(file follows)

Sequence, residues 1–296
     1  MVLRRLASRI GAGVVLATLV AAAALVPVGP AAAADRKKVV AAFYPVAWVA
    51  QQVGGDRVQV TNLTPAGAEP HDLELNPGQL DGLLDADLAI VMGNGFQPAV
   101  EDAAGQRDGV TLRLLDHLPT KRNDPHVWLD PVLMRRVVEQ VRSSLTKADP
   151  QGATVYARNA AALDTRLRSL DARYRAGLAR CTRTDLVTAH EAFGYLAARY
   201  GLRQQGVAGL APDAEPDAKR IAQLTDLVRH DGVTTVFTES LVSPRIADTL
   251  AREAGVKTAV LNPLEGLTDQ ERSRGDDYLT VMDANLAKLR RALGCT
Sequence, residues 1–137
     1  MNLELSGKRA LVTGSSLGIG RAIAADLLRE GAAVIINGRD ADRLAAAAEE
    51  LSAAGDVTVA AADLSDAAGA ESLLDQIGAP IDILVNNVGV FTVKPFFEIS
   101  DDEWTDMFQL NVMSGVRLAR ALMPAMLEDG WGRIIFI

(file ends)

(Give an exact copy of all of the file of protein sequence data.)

Sequence, residues 1–296
     1  MVLRRLASRI GAGVVLATLV AAAALVPVGP AAAADRKKVV AAFYPVAWVA
    51  QQVGGDRVQV TNLTPAGAEP HDLELNPGQL DGLLDADLAI VMGNGFQPAV
   101  EDAAGQRDGV TLRLLDHLPT KRNDPHVWLD PVLMRRVVEQ VRSSLTKADP
   151  QGATVYARNA AALDTRLRSL DARYRAGLAR CTRTDLVTAH EAFGYLAARY
   201  GLRQQGVAGL APDAEPDAKR IAQLTDLVRH DGVTTVFTES LVSPRIADTL
   251  AREAGVKTAV LNPLEGLTDQ ERSRGDDYLT VMDANLAKLR RALGCT
Sequence, residues 1–137
     1  MNLELSGKRA LVTGSSLGIG RAIAADLLRE GAAVIINGRD ADRLAAAAEE
    51  LSAAGDVTVA AADLSDAAGA ESLLDQIGAP IDILVNNVGV FTVKPFFEIS
   101  DDEWTDMFQL NVMSGVRLAR ALMPAMLEDG WGRIIFI